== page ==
Joaquin's Reviews > Bluebeard

Bluebeard by Kurt Vonnegut
Rate this book
Clear rating

M 50x66
's review
Jan 15, 2008

it was amazing
Read in January, 2007

Wow. This was a novel that's going to keep me thinking for a long, long time. It was everything jam packed into a small little book: clever, tragic, engrossing, laugh out loud funny, imaginative, unexpected, and even transformative, I think. There are so many layers to this book I'm sure I'll be thinking about it off and on for the next several months at least and will almost definitely re-read this book a number of times before I reach room temperature.

Check it out: The protagonist/autobiographer is a veteran who lost an eye in WWII who later becomes one of the biggest jokes of the Abstract Expressionist art movement because all of his art disintegrates due to a poor choice of paint. He started life as an illustrator who couldn't make it as a 'real' artist because his paintings lacked depth and vision. And then he goes off to WWII and LITERALLY LOSES HIS SENSE OF DEPTH by having one of his eyes shot out. Ironically, I think it's this literal and figurative lack of depth perception that enables him to survive and not commit suicide while all of his other artist friends don't. There is more to this thing about eyes and perception, too. When both his father and some other artists are at their most creative, their eyes become dead. Half of this guy's eyes are already dead, so he's not able to see what they're seeing, so he can't be harmed/driven to suicide by it. It's only at the very end of the book, perhaps when he's finally old/strong/mature/stable enough to cope with everything he's seen is he really able to paint something that combines the objective reality of illustration and the visceral experience of abstract expressionism. This shit was some mind-freeing stuff for me. Reading it right now for some reason.

And then there's the whole thing about forbidden rooms and curiosity...the name of the book itself, and whatever it is that the guy has locked away in the potato barn. Both the original Bluebeard story and Vonnegut's have curious, prying women, too.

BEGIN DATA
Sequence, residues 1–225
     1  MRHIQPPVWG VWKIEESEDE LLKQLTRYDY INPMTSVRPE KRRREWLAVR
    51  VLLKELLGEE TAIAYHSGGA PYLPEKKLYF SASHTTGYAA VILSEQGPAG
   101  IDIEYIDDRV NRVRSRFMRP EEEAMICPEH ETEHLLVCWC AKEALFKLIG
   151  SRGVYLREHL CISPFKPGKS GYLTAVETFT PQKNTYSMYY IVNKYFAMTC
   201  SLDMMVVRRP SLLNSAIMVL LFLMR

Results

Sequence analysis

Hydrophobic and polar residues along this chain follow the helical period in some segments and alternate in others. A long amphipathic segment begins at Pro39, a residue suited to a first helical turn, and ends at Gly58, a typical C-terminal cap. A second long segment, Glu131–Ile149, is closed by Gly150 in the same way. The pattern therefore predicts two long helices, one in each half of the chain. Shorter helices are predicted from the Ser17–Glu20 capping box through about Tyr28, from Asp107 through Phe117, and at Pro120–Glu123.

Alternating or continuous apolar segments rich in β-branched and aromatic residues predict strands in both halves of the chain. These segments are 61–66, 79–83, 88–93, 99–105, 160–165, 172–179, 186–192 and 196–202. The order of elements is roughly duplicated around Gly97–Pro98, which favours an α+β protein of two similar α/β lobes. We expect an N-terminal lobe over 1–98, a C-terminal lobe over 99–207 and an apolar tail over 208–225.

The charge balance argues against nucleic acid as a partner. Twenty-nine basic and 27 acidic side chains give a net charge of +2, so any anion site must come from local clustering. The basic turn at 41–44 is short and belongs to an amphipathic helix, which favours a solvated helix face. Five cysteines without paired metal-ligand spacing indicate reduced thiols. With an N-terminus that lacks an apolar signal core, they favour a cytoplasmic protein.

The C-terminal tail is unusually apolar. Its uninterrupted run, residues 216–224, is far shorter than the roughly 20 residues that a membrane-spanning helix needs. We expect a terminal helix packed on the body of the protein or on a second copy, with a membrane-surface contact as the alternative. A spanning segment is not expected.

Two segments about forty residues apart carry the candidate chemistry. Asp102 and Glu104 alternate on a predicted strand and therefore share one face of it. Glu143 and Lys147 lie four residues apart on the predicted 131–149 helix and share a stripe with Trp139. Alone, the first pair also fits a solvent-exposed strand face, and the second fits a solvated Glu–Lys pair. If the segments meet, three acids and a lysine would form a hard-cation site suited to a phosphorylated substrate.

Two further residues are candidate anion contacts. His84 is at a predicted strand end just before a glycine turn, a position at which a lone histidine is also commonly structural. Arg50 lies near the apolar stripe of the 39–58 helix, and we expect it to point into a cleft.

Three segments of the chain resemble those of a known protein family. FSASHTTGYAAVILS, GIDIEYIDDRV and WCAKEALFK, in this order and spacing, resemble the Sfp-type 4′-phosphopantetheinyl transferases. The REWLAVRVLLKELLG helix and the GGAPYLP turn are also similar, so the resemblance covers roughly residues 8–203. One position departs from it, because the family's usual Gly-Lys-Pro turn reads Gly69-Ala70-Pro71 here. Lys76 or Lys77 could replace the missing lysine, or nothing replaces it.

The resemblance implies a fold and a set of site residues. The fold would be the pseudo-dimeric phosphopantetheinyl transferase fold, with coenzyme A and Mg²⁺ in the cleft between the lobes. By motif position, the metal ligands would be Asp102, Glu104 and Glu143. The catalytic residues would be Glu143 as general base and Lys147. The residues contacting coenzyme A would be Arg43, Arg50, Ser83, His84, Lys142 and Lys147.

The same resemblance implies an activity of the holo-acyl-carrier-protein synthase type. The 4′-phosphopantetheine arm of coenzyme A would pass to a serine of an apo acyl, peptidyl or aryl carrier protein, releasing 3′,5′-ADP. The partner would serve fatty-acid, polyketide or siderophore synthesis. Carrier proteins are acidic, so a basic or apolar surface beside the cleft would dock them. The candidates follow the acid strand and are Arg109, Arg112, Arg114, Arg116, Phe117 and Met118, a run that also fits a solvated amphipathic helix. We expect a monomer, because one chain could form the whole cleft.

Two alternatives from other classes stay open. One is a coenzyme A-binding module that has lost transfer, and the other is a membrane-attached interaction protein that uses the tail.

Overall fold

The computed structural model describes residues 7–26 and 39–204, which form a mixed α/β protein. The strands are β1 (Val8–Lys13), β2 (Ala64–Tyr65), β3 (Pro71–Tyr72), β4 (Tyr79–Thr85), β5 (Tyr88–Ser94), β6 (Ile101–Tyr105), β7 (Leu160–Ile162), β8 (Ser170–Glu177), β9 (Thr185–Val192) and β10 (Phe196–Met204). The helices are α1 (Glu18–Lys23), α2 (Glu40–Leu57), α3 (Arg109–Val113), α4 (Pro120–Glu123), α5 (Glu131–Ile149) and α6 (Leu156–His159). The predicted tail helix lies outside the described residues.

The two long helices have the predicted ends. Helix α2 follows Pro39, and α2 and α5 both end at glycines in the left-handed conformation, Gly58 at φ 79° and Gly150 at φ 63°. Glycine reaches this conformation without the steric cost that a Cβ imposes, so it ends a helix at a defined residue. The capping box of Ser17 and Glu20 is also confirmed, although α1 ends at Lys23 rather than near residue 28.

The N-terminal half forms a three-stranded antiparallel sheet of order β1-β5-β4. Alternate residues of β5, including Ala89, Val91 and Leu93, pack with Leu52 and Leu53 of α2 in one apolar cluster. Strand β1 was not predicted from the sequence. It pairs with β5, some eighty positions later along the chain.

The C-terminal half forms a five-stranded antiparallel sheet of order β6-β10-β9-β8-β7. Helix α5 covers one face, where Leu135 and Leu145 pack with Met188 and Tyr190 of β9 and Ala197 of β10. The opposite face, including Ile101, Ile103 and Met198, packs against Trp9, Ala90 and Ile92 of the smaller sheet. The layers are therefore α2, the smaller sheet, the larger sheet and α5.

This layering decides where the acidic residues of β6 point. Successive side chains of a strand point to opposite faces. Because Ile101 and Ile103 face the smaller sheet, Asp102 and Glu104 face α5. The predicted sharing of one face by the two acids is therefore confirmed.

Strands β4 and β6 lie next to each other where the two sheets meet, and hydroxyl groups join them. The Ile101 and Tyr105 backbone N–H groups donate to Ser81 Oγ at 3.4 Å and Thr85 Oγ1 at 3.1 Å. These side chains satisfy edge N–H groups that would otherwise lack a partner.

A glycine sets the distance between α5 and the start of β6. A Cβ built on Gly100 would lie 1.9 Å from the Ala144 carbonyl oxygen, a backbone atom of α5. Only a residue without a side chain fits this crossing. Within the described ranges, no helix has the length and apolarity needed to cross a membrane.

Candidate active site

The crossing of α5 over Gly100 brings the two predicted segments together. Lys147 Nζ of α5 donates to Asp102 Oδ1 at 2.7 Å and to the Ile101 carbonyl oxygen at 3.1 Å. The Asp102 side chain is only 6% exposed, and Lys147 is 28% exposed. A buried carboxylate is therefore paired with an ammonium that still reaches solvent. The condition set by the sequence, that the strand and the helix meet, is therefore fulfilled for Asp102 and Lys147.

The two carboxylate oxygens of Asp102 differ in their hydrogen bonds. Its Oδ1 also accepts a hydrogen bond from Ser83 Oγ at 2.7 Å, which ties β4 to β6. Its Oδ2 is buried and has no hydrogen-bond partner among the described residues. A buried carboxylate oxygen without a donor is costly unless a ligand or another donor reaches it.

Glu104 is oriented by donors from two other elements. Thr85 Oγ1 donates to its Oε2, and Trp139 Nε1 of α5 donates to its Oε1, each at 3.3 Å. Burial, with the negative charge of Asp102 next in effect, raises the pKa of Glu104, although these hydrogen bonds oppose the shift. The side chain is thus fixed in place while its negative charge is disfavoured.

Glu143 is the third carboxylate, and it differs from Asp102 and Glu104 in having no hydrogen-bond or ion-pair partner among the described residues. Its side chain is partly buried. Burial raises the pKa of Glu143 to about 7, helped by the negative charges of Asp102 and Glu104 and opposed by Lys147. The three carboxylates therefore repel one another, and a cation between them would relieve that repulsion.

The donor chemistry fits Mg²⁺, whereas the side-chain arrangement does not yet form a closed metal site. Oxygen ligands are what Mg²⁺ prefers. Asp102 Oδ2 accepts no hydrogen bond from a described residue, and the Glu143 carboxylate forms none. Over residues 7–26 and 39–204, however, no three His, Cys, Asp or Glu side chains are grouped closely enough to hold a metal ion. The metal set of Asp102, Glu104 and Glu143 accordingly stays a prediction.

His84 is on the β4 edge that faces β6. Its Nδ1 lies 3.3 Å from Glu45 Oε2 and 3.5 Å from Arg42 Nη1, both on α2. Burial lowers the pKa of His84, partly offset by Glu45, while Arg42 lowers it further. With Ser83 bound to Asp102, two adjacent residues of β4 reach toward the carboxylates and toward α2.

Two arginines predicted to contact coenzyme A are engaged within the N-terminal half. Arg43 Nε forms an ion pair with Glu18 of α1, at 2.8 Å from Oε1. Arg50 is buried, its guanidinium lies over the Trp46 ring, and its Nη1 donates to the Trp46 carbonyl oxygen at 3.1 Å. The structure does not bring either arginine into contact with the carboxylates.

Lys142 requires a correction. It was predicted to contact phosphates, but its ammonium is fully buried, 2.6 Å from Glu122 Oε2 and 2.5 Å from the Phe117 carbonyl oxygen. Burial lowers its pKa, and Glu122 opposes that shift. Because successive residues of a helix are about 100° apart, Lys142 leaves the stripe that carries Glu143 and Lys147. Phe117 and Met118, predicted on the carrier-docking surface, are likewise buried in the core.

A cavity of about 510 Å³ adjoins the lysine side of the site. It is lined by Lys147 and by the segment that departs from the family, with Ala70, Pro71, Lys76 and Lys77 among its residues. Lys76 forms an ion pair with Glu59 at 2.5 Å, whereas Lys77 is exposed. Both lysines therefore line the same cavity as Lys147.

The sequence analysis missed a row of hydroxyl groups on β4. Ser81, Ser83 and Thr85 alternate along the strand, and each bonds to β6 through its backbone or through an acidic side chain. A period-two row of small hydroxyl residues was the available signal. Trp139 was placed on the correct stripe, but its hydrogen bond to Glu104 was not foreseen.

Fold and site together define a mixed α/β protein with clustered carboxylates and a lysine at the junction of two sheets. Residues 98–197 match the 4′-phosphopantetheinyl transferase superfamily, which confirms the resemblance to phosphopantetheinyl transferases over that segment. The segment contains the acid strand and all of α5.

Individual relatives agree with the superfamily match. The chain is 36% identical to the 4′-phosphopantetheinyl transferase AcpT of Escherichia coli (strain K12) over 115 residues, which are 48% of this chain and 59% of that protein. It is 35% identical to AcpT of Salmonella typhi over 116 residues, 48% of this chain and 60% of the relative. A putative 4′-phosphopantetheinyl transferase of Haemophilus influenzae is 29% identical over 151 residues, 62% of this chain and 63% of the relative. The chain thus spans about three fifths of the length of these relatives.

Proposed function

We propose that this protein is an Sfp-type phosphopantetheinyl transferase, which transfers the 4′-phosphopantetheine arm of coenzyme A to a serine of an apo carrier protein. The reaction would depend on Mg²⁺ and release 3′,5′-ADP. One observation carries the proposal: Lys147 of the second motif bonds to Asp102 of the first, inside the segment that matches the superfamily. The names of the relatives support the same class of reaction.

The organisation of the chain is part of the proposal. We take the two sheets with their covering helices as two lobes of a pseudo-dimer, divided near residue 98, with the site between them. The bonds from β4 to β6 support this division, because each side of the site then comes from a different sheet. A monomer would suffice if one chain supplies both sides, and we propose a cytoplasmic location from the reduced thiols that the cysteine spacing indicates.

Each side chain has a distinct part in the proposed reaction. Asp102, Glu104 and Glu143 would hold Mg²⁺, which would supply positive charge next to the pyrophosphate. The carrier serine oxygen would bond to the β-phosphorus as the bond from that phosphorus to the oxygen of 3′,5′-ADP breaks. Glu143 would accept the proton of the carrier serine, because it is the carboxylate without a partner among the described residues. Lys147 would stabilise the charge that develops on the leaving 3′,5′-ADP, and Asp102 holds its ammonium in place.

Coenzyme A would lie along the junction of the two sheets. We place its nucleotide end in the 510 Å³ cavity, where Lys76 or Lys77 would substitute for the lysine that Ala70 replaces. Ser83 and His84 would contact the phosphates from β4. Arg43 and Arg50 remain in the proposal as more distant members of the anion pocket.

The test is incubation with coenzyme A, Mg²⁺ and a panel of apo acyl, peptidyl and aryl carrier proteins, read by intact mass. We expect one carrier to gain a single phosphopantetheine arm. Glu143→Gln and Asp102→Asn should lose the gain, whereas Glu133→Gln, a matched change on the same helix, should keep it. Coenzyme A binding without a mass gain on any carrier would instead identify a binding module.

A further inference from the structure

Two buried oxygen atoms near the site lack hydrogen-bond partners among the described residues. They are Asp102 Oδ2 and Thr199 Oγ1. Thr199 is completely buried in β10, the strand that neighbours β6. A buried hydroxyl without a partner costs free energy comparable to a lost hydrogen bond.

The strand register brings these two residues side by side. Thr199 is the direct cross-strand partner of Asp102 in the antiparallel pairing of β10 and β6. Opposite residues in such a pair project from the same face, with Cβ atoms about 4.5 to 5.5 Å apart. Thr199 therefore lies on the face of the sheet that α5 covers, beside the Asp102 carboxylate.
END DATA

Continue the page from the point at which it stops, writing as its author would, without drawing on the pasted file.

But the thing that's occupying my mind about the book right now is endings. In one part of the book, a female character talks about how Ibsen's The Doll House ended the wrong way. The Doll House's female lead leaves the house and everyone's left to assume she goes to Happily Ever After. But the woman in Bluebeard believes she throws herself in front of a train. Mostly because there really was no Happily Ever After for women at that time. Only more doll houses. I read that and I'm, like, "Yeah, life is harsh and it's crappy to have books end happily. Good books gotta end sad." So then this book goes and ends on a positive note. At first I was pretty bummed that everything works out in the end. But then I thought, "It's only ME who tacks on the 'Happily Ever After' part. Even though he has started the process of healing, this guy has a whole long row to hoe that is not going to be happy, pretty or any other easy positive word." In the same way that Vonnegut's character has finally found a way to combine literal but soulless illustration with abstract expressionism, maybe I'm getting closer to being able to see 'happily ever after,' and 'life is still super hard' as two sides of the same simultaneously experienced reality.

I have been going on like this in my head since I finished this book 24 hours ago and things just seem to be speeding up, as far as I can tell. The sign of a great book, in my book.
20 likes · flag

Sign into Goodreads to see if any of your friends have read Bluebeard.
Sign In »

Reading Progress

09/11 marked as: read

Comments (showing 1-6 of 6) (6 new)

dateDown arrow    newest »

message 1: by Amy (new) - added it

Amy Wow indeed. Clearly, I've got to check this out. I tried Slaughterhouse 5, but I'm kind of embarrased to admit that I didn't get very far because I found the short chapters difficult to get into. But this sounds deeply involving.


Peter The ending may be happy, but if you check the date at the beginning you'll see that Rabo died the next year!

Scartowner Thank you for your review. I'm reading it now and totally missed the significance of vision and depth. Wonderful review, thank you!

Cecily Scartowner wrote: "Thank you for your review. I'm reading it now and totally missed the significance of vision and depth. Wonderful review, thank you!"


message 5: by Briana (new) - added it

Briana Morales I'm reading it! Thank you for this convincing review

message 6: by Briana (new) - added it

Briana Morales I'm going to read it! thank you for this convincing review!

back to top